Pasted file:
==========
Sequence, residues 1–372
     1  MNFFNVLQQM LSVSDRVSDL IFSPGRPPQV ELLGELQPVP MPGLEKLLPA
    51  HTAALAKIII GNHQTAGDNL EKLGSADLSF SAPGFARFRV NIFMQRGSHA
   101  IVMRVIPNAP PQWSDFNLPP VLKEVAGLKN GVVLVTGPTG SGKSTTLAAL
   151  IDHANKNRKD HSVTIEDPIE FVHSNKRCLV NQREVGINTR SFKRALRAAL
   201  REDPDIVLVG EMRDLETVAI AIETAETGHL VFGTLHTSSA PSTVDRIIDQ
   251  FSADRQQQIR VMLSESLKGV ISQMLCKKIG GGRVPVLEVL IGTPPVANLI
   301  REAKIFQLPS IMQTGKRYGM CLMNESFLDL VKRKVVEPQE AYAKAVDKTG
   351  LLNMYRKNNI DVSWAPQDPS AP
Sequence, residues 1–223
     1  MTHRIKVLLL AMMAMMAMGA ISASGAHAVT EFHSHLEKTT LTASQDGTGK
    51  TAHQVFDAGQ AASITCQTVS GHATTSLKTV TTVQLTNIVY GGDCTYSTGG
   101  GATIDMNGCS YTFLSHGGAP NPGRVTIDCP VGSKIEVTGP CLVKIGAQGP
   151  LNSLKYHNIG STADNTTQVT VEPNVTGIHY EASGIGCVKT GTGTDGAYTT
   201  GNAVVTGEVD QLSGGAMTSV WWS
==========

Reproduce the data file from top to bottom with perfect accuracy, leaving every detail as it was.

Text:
Sequence, residues 1–372
     1  MNFFNVLQQM LSVSDRVSDL IFSPGRPPQV ELLGELQPVP MPGLEKLLPA
    51  HTAALAKIII GNHQTAGDNL EKLGSADLSF SAPGFARFRV NIFMQRGSHA
   101  IVMRVIPNAP PQWSDFNLPP VLKEVAGLKN GVVLVTGPTG SGKSTTLAAL
   151  IDHANKNRKD HSVTIEDPIE FVHSNKRCLV NQREVGINTR SFKRALRAAL
   201  REDPDIVLVG EMRDLETVAI AIETAETGHL VFGTLHTSSA PSTVDRIIDQ
   251  FSADRQQQIR VMLSESLKGV ISQMLCKKIG GGRVPVLEVL IGTPPVANLI
   301  REAKIFQLPS IMQTGKRYGM CLMNESFLDL VKRKVVEPQE AYAKAVDKTG
   351  LLNMYRKNNI DVSWAPQDPS AP
Sequence, residues 1–223
     1  MTHRIKVLLL AMMAMMAMGA ISASGAHAVT EFHSHLEKTT LTASQDGTGK
    51  TAHQVFDAGQ AASITCQTVS GHATTSLKTV TTVQLTNIVY GGDCTYSTGG
   101  GATIDMNGCS YTFLSHGGAP NPGRVTIDCP VGSKIEVTGP CLVKIGAQGP
   151  LNSLKYHNIG STADNTTQVT VEPNVTGIHY EASGIGCVKT GTGTDGAYTT
   201  GNAVVTGEVD QLSGGAMTSV WWS